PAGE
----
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Equatorial Guinea drops charges against anti-govt cartoonist

Equatorial Guinea drops charges against anti-govt cartoonist

Equatorial Guinea

A detained cartoonist is set to be released by the Equatorial Guinea authorities after charges against him were dropped at a hearing on Tuesday (February 27).

Ramon Esono Ebale, who has been held since September 2017. State TV later reported that he was held for money laundering and counterfeiting, charges described by activists and rights groups as “cooked up and outrageous.”

He had till his arrest lived outside the country for several years and had just returned to the country to renew his passport when he was arrested by security agencies.

His pieces usually criticizes the president and government officials, consequently there were fears that he may be charged with criminal defamation even though the state used other charges.

Cartoonists Rights Network International (CRNI) in November 2017 named Ramon as winner of the ’2017 Courage in Cartooning Award.’

CRNI said the choice of Ramon was because of his ‘continuous refusal to be intimidated by the threats made against him, and his courage in the face of a brutal and repressive regime.’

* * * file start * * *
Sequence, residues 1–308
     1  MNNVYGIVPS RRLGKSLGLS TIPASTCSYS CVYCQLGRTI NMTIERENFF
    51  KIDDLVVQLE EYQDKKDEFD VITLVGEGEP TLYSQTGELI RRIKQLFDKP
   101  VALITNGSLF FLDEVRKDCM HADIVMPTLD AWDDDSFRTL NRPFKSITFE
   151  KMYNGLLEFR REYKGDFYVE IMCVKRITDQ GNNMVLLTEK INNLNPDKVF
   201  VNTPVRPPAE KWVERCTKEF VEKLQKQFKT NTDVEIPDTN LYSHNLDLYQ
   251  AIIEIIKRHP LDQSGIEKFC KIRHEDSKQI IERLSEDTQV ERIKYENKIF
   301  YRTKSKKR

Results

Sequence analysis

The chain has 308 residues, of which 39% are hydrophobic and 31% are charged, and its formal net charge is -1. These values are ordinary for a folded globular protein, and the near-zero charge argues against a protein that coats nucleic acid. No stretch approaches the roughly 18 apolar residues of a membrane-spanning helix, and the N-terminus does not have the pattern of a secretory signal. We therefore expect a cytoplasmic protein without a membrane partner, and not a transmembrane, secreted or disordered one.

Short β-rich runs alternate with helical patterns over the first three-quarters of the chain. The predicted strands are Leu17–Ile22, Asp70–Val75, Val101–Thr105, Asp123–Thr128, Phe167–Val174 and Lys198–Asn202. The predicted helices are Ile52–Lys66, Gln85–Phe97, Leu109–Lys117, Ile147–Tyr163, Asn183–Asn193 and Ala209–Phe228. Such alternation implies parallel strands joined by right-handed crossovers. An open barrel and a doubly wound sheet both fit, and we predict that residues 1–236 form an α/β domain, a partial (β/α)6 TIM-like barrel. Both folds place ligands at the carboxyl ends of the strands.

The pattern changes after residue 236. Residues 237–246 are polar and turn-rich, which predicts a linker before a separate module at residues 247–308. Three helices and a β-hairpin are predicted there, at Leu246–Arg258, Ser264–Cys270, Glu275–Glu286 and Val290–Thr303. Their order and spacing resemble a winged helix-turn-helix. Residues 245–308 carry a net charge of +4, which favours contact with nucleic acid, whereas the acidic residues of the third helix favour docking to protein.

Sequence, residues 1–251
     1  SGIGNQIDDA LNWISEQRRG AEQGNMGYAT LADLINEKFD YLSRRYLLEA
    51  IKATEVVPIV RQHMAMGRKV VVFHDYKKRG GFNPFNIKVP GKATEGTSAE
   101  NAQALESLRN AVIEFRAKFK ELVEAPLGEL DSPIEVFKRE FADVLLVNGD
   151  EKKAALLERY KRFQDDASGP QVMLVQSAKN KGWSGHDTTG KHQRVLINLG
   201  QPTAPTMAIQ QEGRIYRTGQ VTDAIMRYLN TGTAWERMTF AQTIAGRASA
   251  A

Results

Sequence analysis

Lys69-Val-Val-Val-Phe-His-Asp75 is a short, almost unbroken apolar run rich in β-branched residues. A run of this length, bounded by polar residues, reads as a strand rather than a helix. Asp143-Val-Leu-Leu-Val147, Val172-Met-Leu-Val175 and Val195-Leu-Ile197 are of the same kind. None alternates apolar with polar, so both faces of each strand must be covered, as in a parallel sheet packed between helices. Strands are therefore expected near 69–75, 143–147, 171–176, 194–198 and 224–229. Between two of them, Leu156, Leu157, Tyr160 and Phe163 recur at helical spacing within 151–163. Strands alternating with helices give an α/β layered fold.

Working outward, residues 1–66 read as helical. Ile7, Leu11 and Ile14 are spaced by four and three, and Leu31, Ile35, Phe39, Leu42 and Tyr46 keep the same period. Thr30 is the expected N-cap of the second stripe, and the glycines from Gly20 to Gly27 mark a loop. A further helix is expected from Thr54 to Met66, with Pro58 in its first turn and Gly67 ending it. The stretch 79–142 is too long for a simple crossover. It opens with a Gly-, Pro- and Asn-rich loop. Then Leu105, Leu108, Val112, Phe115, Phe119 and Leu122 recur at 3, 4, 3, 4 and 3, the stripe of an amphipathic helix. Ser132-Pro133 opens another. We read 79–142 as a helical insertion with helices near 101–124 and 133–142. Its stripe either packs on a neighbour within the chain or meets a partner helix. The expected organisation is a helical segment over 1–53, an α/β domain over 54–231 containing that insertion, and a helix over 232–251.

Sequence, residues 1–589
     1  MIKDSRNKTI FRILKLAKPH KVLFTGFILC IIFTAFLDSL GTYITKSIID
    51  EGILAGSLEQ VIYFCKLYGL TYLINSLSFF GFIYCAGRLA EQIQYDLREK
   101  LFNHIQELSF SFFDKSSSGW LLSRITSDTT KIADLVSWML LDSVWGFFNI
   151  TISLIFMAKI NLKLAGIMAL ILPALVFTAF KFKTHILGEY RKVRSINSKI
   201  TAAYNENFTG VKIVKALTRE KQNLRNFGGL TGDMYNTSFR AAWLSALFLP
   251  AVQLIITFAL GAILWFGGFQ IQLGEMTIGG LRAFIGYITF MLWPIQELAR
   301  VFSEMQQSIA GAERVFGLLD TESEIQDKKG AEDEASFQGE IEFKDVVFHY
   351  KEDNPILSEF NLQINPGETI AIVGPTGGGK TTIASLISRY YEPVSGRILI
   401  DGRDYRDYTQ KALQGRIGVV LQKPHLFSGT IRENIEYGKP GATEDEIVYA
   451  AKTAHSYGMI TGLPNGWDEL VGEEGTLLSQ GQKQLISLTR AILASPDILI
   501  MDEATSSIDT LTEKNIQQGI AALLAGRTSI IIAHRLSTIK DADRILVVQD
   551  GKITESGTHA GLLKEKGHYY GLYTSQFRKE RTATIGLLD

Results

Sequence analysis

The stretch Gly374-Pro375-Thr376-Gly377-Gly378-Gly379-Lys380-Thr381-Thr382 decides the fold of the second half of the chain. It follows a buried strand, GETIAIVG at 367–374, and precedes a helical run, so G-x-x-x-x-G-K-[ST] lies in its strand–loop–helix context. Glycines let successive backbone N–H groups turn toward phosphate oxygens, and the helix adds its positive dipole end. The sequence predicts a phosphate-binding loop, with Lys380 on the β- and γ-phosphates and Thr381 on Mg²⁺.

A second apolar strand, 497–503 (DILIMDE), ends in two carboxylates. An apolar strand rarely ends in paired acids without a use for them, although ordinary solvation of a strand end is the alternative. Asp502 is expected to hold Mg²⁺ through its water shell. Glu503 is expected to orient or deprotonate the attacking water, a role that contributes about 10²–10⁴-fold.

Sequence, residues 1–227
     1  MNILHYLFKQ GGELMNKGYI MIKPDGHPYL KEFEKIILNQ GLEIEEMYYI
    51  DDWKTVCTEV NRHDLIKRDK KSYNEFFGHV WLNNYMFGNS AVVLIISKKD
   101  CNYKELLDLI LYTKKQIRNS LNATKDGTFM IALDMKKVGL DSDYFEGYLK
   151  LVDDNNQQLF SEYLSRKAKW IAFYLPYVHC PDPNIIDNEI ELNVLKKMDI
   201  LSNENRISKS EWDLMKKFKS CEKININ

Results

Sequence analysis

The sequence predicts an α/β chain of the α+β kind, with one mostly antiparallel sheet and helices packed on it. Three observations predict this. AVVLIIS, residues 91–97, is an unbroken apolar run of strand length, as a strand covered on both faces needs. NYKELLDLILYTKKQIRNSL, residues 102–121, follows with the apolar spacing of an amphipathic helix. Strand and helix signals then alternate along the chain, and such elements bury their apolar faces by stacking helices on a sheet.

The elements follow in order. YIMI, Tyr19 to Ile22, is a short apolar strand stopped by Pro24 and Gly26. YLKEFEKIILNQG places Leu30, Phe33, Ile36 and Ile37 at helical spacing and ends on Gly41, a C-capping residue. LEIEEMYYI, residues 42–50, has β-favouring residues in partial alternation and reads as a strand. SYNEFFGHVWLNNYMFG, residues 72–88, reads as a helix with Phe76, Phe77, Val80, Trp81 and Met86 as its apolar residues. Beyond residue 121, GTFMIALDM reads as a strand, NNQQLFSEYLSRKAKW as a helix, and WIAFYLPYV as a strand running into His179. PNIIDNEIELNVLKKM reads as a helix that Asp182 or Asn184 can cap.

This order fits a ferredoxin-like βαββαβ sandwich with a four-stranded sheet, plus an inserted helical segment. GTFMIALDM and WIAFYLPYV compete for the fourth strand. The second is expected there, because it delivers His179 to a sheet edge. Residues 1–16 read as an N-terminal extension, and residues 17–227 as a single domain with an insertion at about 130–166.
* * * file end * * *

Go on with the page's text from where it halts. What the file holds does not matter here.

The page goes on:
‘Mr. Ramón Esono Ebalé is a gifted and outspoken graphic novelist and editorial cartoonist born in Equatorial Guinea in West Africa and until very recently a resident in Paraguay,’ said Joel Pett, president of board of directors of CRNI.

The Award for Courage in Editorial Cartooning is an annual gong given to ‘the cartoonist or cartoonists who have exhibited great courage and self-sacrifice in the pursuit of their craft and in the exercise of free speech.’

Thousands have signed an online petition started by activists, friends and family members demanding his release.

International rights group, Human Rights Watch (HRW) and Amnesty International have previously called on President Teodoro Obiang Nguema to release the journalist and to repeal the defamation statute which allows the criminal prosecution of the government’s critics.

“Prosecuting a cartoonist for unflattering satirical drawings is incompatible with free speech and only highlights the power of the pen,” said Sarah Saadoun, researcher at Human Rights Watch.